Some Pools Need Put Away

If you’ve got a small enough pool, such as the ones that they sell at superstores for just a few hundred bucks, you’re probably going to be tearing down and putting away the entire thing for the winter. These pools are great because they’re affordable, but they’re also not made to be permanent fixtures. You’ll have to check the manufacturer’s instructions to figure out how to close the pool properly and whether it can be left for the winter or not. The last thing that you want to do is leave it out without knowing better and wind up ruining it or having to spend a fortune when it comes time to reopen your pool.

Pool maintenance in the winter is really easy if you close your pool right. Whether that means draining some of the water before you cover it or completely tearing it down and putting it away depends on the pool that you have. Either way, you will protect your investment and get more from your pool ownership if you spend a weekend doing things the right way. When you make the decision to own a pool, you’re making a commitment to take care of it properly. That means spending a day or two every fall getting things ready for winter, and the sooner the better. Now that you understand more about draining and closing pools, it should be easy to get the process taken care of.



About Trey Collier

Grew up as a Military Brat. (Thanks Dad. Hats off to my Mom too as it took a special person to be married to someone in the military) Was a competitive swimming in high school and in college. 11 years was a Red Cross Volunteer, teaching kids & adults how to swim, do CPR, and first aid. Proud Dad of two beautiful girls.

17 thoughts on “Why Do You Leave Water in Your Pool for Winter?”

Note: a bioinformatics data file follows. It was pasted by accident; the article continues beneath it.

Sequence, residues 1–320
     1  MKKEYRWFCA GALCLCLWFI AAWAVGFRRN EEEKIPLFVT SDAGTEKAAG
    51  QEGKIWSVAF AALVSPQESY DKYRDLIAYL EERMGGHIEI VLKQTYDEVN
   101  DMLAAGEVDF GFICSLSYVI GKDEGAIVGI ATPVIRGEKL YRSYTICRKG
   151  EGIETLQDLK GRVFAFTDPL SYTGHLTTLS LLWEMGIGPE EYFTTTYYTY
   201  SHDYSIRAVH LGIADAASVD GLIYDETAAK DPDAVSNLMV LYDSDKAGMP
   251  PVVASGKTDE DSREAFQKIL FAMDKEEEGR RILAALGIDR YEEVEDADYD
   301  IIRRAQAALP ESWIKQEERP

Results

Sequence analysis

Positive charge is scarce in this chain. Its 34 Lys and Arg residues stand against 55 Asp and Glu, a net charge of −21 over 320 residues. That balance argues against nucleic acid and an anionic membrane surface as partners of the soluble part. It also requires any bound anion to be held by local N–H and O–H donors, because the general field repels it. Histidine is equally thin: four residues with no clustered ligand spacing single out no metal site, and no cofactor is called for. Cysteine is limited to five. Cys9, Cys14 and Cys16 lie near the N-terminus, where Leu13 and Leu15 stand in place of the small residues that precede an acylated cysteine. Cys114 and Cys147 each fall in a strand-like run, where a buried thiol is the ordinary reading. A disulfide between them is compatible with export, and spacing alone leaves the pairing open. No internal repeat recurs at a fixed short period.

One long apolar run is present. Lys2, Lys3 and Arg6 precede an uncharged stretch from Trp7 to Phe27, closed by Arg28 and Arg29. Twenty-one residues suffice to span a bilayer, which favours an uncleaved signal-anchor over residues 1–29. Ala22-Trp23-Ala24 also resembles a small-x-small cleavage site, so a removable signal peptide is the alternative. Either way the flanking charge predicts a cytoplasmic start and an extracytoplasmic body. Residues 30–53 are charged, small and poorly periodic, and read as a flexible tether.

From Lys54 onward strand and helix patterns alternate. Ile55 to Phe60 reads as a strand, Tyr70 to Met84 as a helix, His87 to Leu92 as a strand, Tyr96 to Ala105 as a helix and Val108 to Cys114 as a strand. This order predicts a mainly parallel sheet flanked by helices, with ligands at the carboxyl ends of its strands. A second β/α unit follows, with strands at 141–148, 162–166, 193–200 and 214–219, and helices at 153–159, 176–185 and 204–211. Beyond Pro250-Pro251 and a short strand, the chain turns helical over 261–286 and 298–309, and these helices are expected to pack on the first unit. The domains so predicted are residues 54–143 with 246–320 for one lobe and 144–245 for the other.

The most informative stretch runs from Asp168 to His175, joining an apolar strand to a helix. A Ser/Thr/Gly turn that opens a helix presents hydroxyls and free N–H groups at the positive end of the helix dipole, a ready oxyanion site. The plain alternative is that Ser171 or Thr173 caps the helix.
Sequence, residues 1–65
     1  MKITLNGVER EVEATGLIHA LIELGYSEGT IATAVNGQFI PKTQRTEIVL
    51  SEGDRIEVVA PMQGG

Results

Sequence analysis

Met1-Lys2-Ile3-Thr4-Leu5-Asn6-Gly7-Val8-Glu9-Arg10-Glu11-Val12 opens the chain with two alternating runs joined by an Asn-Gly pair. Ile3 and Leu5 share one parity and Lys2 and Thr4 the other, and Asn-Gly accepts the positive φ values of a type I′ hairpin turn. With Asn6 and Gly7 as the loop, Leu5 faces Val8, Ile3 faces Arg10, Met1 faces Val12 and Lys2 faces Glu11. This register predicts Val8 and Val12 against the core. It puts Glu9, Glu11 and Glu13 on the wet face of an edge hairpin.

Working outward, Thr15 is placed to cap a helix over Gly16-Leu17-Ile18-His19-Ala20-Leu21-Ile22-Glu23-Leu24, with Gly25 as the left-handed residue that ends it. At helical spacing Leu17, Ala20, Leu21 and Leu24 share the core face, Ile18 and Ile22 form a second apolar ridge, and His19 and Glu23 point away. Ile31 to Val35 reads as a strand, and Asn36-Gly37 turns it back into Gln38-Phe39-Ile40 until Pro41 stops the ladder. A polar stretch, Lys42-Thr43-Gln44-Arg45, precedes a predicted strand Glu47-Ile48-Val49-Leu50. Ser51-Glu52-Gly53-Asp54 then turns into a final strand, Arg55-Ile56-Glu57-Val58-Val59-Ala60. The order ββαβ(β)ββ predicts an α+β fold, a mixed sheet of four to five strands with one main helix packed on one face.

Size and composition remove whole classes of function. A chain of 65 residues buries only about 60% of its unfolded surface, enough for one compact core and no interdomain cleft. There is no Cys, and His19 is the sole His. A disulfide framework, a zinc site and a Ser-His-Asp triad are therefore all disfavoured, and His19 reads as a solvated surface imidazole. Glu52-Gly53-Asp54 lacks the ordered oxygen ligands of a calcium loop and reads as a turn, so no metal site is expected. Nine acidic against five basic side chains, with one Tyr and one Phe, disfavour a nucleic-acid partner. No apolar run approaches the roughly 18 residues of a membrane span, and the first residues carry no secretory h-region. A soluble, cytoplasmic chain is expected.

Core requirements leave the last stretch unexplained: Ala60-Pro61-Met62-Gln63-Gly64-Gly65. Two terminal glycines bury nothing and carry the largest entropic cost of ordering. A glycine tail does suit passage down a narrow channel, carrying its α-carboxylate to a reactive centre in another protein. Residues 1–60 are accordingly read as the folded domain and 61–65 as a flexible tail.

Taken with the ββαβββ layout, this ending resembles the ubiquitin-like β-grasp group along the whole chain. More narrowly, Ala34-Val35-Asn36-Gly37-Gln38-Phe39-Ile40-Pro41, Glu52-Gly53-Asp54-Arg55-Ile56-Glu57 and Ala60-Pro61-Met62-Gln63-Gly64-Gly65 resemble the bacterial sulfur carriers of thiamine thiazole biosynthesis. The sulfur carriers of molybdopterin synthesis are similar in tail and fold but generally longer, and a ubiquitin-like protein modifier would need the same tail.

1. Zequek Estrada

    I didn’t know there was so much work involved maintaining a pool. It makes sense if you want to protect your investment. I guess if you’re pool is tended to each day then the work wouldn’t be too bad.

  2. Stacey

    My small above ground pool was filled to about 6 inches below the skimmer at the beginning of winter. The person who closed it for winter put an too-big tarp over the pool and I believe as rainwater collected on the tarp displaced the pool water out the drain. Now I did drain the water on top of the tarp about a month ago and then came the snow & the deep freezes. Now it appears there is only maybe 12 inches of water inside the pool, the tarp is all the way down there & hanging on the edges of the pool frame. The water on top of the tarp is frozen solid. Is there anything I can do at this point to prevent the pool from suffering damage? Should I try refilling with the tarp on?

    1. Trey Collier Post Author

      Good Question Stacey. Let me see if I understand and correct me if I didn’t. Pool water was drained to just under skimmer! (Good…water shouldn’t be in skimmer to freeze and crack it) Oversized winter cover was put on top of pool water. Rain and snow melt added water above the cover….this water squeezed the pool water below cover up and out the skimmer drain (and hopefully it drained onto the ground and not into the pump/filer)

      1) If water under the cover plus water on the cover is still up near the skimmer in total (even if frozen), then you should have enough pressure inside the pool to counter the wind forces from the outside inwards.

      2) If the water under the cover has dropped to 12″ high…..and you pumped off the water on top of cover when it was liquid and the total water (above and below cover) is 12+ inches below the skimmer….this could be hazardous to the pool walls. In this case I would see what I could do the put water in under the cover (preferred) or on top of cover until the total is just under the skimmer.

      In either case above, continue to monitor the “Total” water level and keep it below the bottom of the skimmer.

      What bothers me with this is that the water on top will not normally push water below cover upwards and out the skimmer. Sounds to me more like there may be a liner leak and that should be addressed this spring.